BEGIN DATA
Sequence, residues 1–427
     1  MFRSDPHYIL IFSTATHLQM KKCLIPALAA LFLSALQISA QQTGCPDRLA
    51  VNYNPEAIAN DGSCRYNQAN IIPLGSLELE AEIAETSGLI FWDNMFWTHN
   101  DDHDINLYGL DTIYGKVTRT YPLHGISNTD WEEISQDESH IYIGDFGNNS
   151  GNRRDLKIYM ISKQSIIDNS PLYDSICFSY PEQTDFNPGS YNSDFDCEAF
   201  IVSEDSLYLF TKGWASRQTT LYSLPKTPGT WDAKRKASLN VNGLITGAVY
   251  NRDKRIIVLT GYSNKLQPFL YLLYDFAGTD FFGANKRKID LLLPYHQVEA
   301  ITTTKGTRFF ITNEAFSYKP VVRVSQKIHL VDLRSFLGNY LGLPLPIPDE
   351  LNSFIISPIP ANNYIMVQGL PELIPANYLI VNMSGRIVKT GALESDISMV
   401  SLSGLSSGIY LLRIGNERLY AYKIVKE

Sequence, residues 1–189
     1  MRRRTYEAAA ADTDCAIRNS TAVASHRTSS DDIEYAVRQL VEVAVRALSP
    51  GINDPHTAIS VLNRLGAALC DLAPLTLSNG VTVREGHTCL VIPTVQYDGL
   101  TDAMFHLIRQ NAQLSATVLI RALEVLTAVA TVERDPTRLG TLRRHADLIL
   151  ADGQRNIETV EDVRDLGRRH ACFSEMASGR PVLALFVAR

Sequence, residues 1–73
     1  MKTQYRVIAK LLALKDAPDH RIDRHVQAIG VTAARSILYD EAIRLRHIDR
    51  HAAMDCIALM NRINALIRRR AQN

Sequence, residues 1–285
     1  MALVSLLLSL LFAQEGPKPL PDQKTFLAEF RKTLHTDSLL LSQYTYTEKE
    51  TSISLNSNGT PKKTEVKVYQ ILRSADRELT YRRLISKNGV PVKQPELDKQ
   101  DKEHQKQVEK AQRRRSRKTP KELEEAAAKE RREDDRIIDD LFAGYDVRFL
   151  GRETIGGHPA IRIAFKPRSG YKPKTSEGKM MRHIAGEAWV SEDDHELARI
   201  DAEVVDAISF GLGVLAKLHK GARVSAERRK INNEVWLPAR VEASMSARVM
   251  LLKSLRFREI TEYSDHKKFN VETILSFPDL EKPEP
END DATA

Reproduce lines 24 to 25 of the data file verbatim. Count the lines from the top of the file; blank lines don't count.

   201  DAEVVDAISF GLGVLAKLHK GARVSAERRK INNEVWLPAR VEASMSARVM
   251  LLKSLRFREI TEYSDHKKFN VETILSFPDL EKPEP